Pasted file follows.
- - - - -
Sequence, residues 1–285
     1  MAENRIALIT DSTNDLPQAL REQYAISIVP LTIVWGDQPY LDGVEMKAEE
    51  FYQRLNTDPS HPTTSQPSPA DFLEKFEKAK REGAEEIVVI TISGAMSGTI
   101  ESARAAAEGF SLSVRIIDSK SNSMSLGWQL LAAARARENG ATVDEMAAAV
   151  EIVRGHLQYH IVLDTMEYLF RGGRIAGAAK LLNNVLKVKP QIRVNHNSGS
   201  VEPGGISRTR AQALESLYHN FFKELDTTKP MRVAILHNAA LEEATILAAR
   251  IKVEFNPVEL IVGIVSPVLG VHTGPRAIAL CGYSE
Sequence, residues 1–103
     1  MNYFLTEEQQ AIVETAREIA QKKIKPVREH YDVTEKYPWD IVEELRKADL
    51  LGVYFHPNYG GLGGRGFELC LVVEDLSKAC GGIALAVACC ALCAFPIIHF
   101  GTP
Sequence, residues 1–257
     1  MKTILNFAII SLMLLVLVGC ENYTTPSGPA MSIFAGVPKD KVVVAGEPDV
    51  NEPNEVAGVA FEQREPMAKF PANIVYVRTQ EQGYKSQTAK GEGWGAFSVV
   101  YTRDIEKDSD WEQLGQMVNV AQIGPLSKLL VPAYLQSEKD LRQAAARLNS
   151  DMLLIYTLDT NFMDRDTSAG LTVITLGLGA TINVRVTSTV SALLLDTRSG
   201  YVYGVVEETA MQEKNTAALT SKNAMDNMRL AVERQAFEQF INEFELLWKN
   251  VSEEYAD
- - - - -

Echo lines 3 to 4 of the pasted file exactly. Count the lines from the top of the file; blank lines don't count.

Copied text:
    51  FYQRLNTDPS HPTTSQPSPA DFLEKFEKAK REGAEEIVVI TISGAMSGTI
   101  ESARAAAEGF SLSVRIIDSK SNSMSLGWQL LAAARARENG ATVDEMAAAV